Archive for the ‘Gitchi Gumee’ Category
Do you remember your first camping trip? Roasting marshmallows around the campfire; watching shooting stars at night; being terrified of the creature outside your tent at night that must certainly have been a bear, and a REALLY big one – only to realize it was a raccoon. … or a chipmunk. Swimming in mountain lakes, skipping stones on any body of water you could find, climbing rocks and trees, eating food that may or may not have been good, but always tasted beyond amazing when you were eating it outdoors after a day in the sun or the rain…
Sometimes we get to create those touchstone experiences for the young people we work with. They are invariably some of my favorite CAT programs. Our most recent trip was to South Carolina for the East Coast Paddlesports and Outdoor Festival, with a young man who participated in the 2013 Gitchi Gumee Project – and this trip, too, was amazing.
I don’t know whether my favorite thing about this trip was the 80 degree weather in early April, the hospitality of the organizers and coaches of the event, the variety of sports and craft that Jose got to try out, or the fact that, once again, I had the tremendous privilege and joy of introducing a young person to something brand new to him. And then getting to show him even more of that sport – new skills, new crafts, new venues, a broader cross-section of the community…
I think, when it comes down to it, that what makes my favorite programs my favorites is this. It’s about that same visceral, not quite speakable sense that comes with the smell of rain and the sound of it on my tent. The years-long search for the perfect golden brown marshmallow, and a way to melt the chocolate for the S’more it will fill.
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Jose was nervous about paddling when he joined us at the Great Lakes Sea Kayak Symposium for the Gtichi Gumee Project. Some of our volunteers were worried, the first day, when he had a difficult time staying calm with a wet exit. (A wet exit is a required skill when you paddle a sea kayak if you wear what’s called a spray skirt. The skirt keeps water from coming into the cockpit – it’s not so important, it turns out, to stay dry; but a skirt is helpful for the stability of the boat. A boat filled with water handles sort of like a dishpan filled with water. If you’ve ever tried to carry a full container of water, you know that once it starts sloshing, it just starts sloshing more. It can be tricky to keep your balance in a boat that’s doing that.)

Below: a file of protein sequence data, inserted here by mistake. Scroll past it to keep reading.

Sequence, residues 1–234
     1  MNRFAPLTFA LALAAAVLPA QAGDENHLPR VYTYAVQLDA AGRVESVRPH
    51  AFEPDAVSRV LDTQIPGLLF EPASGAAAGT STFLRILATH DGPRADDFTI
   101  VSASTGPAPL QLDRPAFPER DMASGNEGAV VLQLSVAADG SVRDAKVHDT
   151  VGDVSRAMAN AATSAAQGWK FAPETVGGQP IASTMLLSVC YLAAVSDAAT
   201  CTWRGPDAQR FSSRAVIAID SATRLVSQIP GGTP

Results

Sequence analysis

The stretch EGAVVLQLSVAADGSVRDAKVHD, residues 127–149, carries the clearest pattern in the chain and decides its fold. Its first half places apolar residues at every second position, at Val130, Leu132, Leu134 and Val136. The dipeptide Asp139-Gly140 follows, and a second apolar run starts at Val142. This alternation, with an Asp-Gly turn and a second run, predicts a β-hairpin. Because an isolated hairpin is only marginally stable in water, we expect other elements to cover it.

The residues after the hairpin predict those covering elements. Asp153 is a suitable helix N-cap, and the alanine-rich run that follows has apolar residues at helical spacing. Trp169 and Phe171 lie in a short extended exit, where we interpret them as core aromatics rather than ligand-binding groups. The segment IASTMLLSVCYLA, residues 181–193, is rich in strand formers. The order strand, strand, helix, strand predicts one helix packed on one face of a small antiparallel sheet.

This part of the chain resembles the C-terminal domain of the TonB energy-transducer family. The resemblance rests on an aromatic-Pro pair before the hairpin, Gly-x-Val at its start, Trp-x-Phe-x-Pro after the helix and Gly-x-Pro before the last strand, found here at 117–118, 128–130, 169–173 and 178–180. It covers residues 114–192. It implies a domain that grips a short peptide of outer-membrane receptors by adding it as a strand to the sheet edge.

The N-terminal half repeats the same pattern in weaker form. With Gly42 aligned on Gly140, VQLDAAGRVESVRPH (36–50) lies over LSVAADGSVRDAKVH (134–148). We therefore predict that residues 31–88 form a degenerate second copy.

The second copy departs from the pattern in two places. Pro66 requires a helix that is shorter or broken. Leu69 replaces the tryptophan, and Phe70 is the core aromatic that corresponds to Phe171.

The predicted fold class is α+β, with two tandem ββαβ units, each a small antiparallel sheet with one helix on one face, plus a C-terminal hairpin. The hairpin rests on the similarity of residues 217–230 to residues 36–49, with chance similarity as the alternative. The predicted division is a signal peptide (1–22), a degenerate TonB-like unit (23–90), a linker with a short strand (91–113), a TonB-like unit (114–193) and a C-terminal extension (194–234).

I worked with Jose for a good 30 to 45 minutes, helping him to find a way to stay calm as he dumped his boat over, pulled the skirt off his boat, and came back to the surface holding onto his boat and his paddle. Two days later, he was surfing on Lake Superior. The grin on his face touched the hearts of a whole lot of paddlers. It was one of those rain-on-the-tent marshmallow moments that none of us quite had the words to describe.
Jose can surprise you. He’s very quiet, almost painfully shy. It can be hard to tell if he understands a piece of technique you’re teaching him, whether or not he’s having a good time… Then you watch him in a class on technique and realize he’s really quite talented, and is taking in everything the coach is saying. He’ll tell you that he hopes he gets to come back to the event, and you realize, in the tone of his voice and the way he looks directly at you once he’s finished his sentence, that the event hasn’t just been fun for him; it has made an impact on his life. You ask him what the best part of the trip was, and he says it was the rescue class. You ask him why, and he says it was because the instructor trusted him to demonstrate how to stabilize a boat as the instructor climbed in and out, demonstrating a variety of entry strategies. You hear him say that it “touched his heart” that the coach trusted him to do that. Now, you realize why he wants to come back. You begin to realize the nature of the impact this has had on his life.
* * * * *
Jose is very quiet. Sometimes, when others are quiet, we want to talk. When there is silence, we want to fill it. — If we can listen into silence; if we can listen long enough to let someone else talk; if we can listen our young people into speech…